The EPIC Sulfur Dioxide products are available at the Atmospheric Science Data Center (ASDC) at NASA Langley Research Center: https://eosweb.larc.nasa.gov/project/dscovr/dscovr_epic_l2_so2_01.
Figure A1. Satellite SO2 maps for the March 2016 eruption of Pavlof volcano (AK, USA; triangle). SO2 in the Pavlof volcanic ash cloud was detected in two EPIC exposures at (a) 21:54 UTC on March 28 and (b) 00:08 UTC on March 29; (c) Suomi-NPP/OMPS SO2 measurements at ~23:25 UTC on March 28 produced using a Principal Component Analysis (PCA) SO2 algorithm assuming a mid-tropospheric (TRM) volcanic plume located at 5-10 km altitude (Li et al., 2017); (d) Aqua/AIRS SO2 measurements at ~23:29-23:35 UTC on March 28.
Figure A2.This animation shows EPIC hourly SO2 maps measured on June 17, 2018, from the June 16 volcanic eruption on Fernandina island in the Galapagos archipelago (Ecuador; triangle). For the first time, SO2 was detected in seven hourly EPIC exposures at 14:47; 15:53; 16:58; 18:03; 19:09; 20:14; and 21:20 UTC. EPIC hourly SO2 measurements clearly show fast counterclockwise volcanic plume dispersion with prevailing tropospheric winds. Such point-source SO2 dispersion patterns can be used to validate aerosol- and chemistry-transport models in remote locations. The SO2 measurements are not currently available from geostationary satellites.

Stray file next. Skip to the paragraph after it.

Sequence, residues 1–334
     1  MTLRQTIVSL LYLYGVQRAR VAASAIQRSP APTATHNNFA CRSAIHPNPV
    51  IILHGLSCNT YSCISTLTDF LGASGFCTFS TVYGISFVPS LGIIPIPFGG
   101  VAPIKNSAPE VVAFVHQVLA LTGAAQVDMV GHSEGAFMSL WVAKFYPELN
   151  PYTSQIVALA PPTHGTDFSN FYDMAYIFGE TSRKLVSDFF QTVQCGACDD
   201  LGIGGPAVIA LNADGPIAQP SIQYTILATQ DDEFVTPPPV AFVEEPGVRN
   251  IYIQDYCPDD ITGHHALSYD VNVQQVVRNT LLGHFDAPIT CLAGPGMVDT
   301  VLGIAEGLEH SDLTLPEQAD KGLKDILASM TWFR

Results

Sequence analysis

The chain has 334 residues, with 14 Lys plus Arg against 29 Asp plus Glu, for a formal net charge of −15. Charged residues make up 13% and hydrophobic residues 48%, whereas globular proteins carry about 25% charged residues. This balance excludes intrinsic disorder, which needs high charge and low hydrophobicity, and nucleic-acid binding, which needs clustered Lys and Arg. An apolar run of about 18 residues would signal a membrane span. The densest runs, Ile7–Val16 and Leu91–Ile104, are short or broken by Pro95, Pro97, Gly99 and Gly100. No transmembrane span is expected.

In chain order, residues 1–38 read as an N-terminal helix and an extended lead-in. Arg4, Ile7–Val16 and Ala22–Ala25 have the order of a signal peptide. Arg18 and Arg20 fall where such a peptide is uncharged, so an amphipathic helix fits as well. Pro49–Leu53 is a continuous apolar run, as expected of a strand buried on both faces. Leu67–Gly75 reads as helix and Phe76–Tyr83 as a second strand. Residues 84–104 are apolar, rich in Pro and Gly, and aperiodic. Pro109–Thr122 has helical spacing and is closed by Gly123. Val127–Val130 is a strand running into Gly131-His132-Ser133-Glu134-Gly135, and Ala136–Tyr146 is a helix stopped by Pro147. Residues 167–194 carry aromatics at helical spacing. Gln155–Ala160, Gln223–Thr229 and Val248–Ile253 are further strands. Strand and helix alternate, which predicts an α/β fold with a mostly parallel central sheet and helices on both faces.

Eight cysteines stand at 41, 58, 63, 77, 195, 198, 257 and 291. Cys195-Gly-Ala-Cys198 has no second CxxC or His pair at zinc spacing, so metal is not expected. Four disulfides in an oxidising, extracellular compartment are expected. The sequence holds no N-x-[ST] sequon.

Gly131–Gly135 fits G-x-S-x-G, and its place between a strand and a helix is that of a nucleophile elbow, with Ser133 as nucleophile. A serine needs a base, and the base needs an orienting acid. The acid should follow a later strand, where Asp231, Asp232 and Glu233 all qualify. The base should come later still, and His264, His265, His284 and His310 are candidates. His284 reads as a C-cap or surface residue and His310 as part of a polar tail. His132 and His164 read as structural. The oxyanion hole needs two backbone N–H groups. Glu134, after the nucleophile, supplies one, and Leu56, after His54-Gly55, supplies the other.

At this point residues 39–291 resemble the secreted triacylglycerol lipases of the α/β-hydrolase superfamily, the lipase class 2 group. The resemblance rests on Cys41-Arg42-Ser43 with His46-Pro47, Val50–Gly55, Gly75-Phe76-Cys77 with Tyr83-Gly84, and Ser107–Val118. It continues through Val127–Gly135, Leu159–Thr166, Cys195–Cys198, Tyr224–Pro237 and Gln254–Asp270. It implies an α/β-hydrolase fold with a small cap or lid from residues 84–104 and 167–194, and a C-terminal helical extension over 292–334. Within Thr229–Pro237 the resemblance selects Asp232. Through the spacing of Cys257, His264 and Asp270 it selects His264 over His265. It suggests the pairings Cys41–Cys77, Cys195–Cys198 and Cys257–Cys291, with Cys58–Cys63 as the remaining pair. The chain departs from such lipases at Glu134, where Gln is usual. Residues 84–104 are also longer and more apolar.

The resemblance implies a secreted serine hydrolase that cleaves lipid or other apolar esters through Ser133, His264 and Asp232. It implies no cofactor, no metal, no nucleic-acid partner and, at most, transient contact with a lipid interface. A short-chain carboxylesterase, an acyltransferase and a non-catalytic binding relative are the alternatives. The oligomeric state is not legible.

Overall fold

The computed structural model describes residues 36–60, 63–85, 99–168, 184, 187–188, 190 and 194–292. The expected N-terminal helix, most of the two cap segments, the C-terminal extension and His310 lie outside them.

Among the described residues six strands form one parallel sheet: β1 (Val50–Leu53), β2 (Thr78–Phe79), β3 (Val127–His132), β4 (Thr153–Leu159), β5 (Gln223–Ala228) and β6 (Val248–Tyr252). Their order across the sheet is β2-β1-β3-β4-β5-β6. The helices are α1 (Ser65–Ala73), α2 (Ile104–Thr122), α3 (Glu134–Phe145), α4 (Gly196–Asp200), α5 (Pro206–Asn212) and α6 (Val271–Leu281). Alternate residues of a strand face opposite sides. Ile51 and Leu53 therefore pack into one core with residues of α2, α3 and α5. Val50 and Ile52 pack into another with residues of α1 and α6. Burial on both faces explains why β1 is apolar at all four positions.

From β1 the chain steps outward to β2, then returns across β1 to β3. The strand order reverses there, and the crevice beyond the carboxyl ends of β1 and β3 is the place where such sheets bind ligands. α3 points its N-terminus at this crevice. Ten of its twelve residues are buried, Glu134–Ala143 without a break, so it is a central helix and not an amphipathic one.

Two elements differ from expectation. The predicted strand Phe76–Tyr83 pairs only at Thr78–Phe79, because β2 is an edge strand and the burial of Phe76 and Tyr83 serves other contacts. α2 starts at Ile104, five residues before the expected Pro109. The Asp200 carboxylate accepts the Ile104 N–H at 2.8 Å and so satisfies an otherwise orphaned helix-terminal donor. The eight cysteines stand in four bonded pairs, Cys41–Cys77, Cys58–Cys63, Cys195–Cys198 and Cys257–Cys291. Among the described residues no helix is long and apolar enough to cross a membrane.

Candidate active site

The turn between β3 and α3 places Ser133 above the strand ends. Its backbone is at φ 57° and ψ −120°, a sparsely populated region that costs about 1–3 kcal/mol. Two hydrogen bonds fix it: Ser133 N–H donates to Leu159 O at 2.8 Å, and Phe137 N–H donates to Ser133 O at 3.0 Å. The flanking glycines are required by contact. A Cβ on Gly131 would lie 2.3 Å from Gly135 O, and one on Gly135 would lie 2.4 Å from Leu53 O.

Li, C., Krotkov, N. A., Carn, S., Zhang, Y., Spurr, R. J. D., and Joiner, J.: New-generation NASA Aura Ozone Monitoring Instrument (OMI) volcanic SO2 dataset: Algorithm description, initial results, and continuation with the Suomi-NPP Ozone Mapping and Profiler Suite (OMPS), Atmos. Meas. Tech., 10, 445-458, doi:10.5194/amt-10-445-2017, 2017.
Prata, A.J., Bernardo, C., 2007. Retrieval of volcanic SO2 column abundance from atmospheric
infrared sounder data. J. Geophys. Res. 112, D20204. http://dx.doi.org/10.1029/2006JD007955.